Amy Culver - The Queen of Lean
May 03, 2010    


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Amy Culver

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One of my recent articles (click here) talked about a conversation I had with my friend and workout buddy, Carol.  It discussed the trouble her Mom was having with recovery (from a broken hip) because her upper body is weak.  Carol told her mom that she works out regularly so that she can have that upper body strength should she ever need it.

A few days later, we had another discussion.  This discussion was about blood.

I have written in the past about the fact that the foods that you eat end up traveling throughout your entire body; fat, sugar, salt, all of it.  Healthy foods heal and strengthen, unhealthy ones do damage.

I'd like to give you a very real picture of that scenario.

Carol works for a medical lab that processes, among other things, blood samples drawn at Doctors' offices.

She mentioned to me that nearly every day they get a vial of blood that is opaque and pinkish.  Normal blood sampes are translucent and red.

When they spin the blood in the centrifuge to separate the serum from the red blood cells, the serum is opaque and white, a bit like skim milk.  Normal serum is translucent and yellow.

The reason for the difference?  Fat.

These people have so much fat in their blood that it is actually visible!

Clearly, this is a situation toward the extreme, but note that they see this nearly every day.  Not typical, but not rare, either.

After the article (mentioned above) appeared I received an email with feedback from a 52 yr old woman.  She asked me to write more articles focusing on overall health rather than weight loss.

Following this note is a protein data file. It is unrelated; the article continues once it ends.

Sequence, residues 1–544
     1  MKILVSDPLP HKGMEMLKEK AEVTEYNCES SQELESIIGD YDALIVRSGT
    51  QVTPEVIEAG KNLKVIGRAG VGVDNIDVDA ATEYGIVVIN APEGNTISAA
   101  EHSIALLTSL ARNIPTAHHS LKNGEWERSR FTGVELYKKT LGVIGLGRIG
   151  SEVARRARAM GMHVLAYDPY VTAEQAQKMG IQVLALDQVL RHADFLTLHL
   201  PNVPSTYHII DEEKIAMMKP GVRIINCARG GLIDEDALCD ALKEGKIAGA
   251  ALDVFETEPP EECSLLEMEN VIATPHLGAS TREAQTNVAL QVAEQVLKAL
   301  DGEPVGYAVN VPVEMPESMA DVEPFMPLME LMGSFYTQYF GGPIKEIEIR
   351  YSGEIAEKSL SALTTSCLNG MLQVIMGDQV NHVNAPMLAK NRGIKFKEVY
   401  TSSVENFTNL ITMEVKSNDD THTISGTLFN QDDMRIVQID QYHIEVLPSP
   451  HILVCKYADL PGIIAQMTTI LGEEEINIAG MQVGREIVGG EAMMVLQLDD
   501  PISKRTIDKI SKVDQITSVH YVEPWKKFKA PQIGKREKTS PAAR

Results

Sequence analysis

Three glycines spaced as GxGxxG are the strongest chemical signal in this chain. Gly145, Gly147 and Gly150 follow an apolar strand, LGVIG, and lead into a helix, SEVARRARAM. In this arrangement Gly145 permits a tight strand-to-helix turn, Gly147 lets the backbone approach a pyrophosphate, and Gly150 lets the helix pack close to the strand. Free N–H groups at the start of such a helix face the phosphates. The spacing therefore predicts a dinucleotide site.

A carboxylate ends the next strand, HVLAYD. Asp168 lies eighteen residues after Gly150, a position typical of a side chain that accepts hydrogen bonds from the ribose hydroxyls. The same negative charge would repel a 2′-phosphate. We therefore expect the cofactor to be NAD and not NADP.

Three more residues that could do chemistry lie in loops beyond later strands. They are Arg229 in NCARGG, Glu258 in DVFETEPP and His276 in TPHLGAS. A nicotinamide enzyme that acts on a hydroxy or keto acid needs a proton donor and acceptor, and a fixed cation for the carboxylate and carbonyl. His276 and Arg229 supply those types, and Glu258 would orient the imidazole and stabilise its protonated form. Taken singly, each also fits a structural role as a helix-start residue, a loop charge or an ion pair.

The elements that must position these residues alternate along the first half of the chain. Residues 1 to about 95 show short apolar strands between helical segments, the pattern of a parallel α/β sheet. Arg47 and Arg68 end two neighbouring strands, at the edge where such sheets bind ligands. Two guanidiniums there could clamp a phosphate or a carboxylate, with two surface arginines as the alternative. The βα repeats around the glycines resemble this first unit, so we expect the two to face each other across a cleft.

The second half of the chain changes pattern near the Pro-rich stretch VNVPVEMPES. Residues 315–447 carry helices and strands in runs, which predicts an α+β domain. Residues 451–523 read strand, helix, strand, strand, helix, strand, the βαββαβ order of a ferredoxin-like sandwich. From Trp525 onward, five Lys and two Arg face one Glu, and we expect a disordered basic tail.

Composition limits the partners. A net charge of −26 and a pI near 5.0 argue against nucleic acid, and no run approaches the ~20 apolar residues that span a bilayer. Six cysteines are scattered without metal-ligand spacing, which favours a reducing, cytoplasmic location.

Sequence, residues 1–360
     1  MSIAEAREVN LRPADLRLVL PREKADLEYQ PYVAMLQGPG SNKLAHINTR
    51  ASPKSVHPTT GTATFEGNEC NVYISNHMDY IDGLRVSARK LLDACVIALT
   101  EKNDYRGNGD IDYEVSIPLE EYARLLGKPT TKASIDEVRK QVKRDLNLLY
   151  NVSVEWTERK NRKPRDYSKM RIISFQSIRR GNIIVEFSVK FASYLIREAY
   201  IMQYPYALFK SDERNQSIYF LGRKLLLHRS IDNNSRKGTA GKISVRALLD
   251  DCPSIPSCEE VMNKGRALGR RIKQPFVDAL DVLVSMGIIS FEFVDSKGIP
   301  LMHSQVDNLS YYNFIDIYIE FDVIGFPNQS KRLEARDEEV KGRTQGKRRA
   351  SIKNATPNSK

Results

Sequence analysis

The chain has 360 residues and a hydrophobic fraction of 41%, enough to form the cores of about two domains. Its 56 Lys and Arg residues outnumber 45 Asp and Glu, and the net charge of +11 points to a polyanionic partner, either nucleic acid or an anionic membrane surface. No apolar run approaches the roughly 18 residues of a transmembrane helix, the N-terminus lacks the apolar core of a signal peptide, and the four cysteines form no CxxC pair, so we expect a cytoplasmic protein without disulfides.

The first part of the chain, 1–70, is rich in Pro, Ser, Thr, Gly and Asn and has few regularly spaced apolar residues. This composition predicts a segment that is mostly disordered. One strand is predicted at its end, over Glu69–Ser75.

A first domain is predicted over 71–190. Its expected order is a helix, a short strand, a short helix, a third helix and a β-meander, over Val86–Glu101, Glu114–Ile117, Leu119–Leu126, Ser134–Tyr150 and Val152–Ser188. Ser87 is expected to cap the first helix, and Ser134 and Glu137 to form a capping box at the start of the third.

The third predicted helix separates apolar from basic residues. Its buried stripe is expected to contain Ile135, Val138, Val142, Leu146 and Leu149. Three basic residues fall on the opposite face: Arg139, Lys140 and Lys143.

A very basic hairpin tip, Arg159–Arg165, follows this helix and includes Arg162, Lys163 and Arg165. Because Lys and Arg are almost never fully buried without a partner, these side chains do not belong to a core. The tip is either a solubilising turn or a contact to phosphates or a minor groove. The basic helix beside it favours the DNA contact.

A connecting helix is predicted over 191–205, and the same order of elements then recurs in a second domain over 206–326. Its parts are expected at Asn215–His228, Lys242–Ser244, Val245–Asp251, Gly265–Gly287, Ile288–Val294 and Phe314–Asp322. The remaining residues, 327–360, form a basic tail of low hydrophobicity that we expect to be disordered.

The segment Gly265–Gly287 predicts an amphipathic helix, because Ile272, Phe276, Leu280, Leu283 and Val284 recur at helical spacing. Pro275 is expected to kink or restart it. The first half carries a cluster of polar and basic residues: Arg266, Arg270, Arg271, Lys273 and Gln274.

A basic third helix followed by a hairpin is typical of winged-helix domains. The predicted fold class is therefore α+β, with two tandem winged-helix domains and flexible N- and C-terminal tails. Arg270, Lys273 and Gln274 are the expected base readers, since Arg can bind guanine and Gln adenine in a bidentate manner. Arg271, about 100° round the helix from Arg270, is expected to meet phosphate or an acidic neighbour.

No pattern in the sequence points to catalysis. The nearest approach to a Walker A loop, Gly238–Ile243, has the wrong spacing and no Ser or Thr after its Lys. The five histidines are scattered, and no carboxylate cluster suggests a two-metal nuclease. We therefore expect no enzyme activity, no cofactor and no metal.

I reviewed my last several articles and she was correct.  Most are focused specifically on weight loss.  The reason for this is that I feel that 90% of my audience is overweight and is primarily interested in that issue.

In my case, I do love that I am no longer 300 pounds.  I like what I see in the mirror much better and I like shopping for clothes and all of the things that go along with being at a healthy weight.

But those things are not what motivated me to lose the weight and KEEP it off.  That took a Diabetes diagnosis.

Losing weight is a task, something that you start and finish.

Being healthy is a lifestyle, a permanent personal change that you make consciously.

You can lose weight in a myriad of unhealthy ways.  But if you live a truly healthy lifestyle, a healthy weight will follow.  AND it is permanently maintainable.

If you are tired of "dieting" – of losing weight and gaining it back (and more) – perhaps it's time to quit dieting.  Shift your focus from the outside to the inside.

Think about that vial of blood. 

Think about being older and being able to stay active.

Think about being nicer to your body and your body will be nicer to you.


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